Statement of Intent: A Socratic Dialogue on Art, Criticism, and the City

After spending six weeks engaged in stimulating conversations with my classmates and industry professionals on Vancouver’s art scene, I have chosen to write a Socratic-style dialogue to explore some of the course’s major themes surrounding the arts: the cultural value, the local scene, and the role of criticism. The Socratic dialogue is a genre of literary prose where a dramatic or narrative dialogue occurs between two or more characters[1]. This form of prose has preserved the works of ancient Greek philosophers Plato, Xenophon, and Socrates[2]. In addition to my desire of trying to write a new form of prose, I selected the dialogue format because I was motivated by what Max Wyman[3], art activist and critic, had said in one of our guest lectures, “the purpose of art criticism is to provide the reader with a different perspective in order to start a conversation.” I thought the dialogue was the best format to showcase what I learned in this course because it mirrors some of the wonderful conversations that I have had with other classmates which further contributed to the enrichment of my learning of the arts.

Using Dorothy Dittrich’s[4], The Piano Teacher, I will begin the dialogue with a critique of the play masquerading the voices of writer and professor, Susan Sontag[5], and art historian, Linda Nochlin[6]. I selected this powerful and emotional play because of the way in which it explores the themes of personal tragedy and grief while using love, friendship, and music as catalysts for healing and recovery. Sontag and Nochlin, known for their contributions to the art world, will approach the theatrical piece from two different perspectives. Sontag, celebrated for arguing against the emphasis of intellectually constructed notions on analyzing the aesthetics[7], will explore the transcendental power of music and friendship and its impact on self-healing. On the other hand, Nochlin, a pioneer in feminist art history and theory, will approach the piece through a feminist lens, focussing on the play’s romantic and platonic relationships and its effect on the character’s recovery.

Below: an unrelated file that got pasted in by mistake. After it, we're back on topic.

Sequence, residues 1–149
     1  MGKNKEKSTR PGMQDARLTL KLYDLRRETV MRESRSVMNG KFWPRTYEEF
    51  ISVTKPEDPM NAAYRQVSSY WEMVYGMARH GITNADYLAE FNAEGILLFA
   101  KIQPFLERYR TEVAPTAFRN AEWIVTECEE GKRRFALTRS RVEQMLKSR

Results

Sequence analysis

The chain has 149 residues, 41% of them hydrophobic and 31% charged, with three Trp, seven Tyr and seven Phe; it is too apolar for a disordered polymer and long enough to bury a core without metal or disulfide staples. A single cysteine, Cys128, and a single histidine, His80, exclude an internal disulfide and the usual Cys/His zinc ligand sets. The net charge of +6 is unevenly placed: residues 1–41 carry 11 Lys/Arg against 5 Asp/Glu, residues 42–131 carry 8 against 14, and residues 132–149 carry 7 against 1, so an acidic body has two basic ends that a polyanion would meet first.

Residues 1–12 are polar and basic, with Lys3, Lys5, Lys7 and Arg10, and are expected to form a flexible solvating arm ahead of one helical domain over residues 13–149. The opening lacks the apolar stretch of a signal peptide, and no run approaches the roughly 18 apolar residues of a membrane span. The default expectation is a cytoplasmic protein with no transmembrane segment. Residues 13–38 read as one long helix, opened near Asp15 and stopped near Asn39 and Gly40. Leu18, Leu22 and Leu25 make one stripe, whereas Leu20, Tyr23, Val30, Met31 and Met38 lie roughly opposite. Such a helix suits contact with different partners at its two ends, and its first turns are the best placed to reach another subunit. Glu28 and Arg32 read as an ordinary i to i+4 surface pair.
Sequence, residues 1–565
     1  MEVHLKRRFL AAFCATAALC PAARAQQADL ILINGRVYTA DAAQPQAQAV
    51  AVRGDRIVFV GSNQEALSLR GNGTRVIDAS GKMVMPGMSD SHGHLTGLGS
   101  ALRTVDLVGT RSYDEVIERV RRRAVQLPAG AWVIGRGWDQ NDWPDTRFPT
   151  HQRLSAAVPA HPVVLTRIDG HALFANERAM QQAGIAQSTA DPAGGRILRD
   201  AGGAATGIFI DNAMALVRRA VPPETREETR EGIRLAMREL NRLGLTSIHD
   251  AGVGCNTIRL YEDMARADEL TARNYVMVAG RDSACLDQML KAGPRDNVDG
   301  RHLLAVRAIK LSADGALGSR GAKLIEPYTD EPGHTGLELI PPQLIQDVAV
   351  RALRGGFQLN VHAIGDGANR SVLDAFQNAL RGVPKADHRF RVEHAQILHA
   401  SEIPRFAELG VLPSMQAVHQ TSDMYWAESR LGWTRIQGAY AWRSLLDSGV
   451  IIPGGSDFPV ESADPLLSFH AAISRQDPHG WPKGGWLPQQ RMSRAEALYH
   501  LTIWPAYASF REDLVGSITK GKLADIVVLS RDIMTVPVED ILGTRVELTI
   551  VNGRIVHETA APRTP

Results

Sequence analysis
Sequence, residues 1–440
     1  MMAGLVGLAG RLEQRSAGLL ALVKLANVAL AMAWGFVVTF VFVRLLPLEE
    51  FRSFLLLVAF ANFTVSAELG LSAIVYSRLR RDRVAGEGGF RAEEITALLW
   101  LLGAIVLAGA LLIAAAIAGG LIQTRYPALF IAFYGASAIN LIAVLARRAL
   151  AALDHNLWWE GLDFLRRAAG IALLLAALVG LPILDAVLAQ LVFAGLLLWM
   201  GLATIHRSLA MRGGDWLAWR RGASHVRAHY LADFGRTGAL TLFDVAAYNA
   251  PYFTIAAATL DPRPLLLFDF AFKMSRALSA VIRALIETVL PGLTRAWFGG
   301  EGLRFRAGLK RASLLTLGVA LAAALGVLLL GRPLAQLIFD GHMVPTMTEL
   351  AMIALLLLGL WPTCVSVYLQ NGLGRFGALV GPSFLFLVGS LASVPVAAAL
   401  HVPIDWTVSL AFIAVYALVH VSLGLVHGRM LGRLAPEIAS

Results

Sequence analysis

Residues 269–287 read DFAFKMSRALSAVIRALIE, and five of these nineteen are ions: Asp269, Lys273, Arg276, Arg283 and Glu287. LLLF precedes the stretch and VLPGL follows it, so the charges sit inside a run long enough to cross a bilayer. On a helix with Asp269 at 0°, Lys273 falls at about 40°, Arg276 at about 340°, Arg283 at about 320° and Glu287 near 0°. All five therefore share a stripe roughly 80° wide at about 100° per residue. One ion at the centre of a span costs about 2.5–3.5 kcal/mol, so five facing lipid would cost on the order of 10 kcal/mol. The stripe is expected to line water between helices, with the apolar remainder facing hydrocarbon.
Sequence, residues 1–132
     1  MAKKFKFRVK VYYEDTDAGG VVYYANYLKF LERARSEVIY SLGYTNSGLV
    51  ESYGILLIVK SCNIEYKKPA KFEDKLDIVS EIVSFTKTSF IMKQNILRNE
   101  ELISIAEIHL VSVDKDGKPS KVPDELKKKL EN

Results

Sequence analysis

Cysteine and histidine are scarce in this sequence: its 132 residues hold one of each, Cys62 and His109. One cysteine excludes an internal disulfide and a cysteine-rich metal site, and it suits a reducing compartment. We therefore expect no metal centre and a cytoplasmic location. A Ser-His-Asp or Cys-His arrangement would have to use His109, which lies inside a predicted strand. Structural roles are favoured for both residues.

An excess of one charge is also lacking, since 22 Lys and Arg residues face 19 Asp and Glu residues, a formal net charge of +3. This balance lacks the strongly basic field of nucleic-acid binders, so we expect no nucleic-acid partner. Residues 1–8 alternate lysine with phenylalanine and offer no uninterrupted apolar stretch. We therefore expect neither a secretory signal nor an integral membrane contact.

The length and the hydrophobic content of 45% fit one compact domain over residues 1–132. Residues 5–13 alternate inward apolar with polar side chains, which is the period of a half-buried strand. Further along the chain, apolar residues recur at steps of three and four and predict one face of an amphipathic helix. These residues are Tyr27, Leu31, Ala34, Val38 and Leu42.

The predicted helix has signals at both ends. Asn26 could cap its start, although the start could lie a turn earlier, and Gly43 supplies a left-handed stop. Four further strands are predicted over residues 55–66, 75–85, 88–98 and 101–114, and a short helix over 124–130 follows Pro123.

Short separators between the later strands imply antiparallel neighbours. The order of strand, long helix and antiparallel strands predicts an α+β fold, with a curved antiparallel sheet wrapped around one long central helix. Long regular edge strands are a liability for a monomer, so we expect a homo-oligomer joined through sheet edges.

In addition to Sontag and Nochlin, I will include a third voice, a mediator who will not only facilitate the dialogue but also, question the role of the critic and its importance within the arts. This third voice is also a reflection of myself, representing questions and thoughts that emerged throughout the course of the term. At the same time, all three voices will share some of the revelations I had while our class explored the arts in further detail through the course readings, lectures, field trips, and classroom discussions. Although this Socratic dialogue may not be as philosophical as the dialogues Socrates had with his students, Plato and Xenophon, it does offer a setting conducive to exhibiting my personal journey of learning about art, criticism, and the city.

[1] Wikipedia. Socratic dialogue. Accessed June 13, 2017.

[2] Ibid.

[3] For more on Max Wyman, see The Canadian Encyclopedia. “Max Wyman.” Accessed June 13, 2017.

[4] For more on Dorothy Dittrich, see Dorothy Dittrich’s website. Accessed June 13, 2017.

[5] Wikipedia. Susan Sontag. Accessed June 13, 2017.

[6] Wikipedia. Linda Nochlin. Accessed June 13, 2017.

[7] Wikipedia. Susan Sontag. Accessed June 13, 2017.


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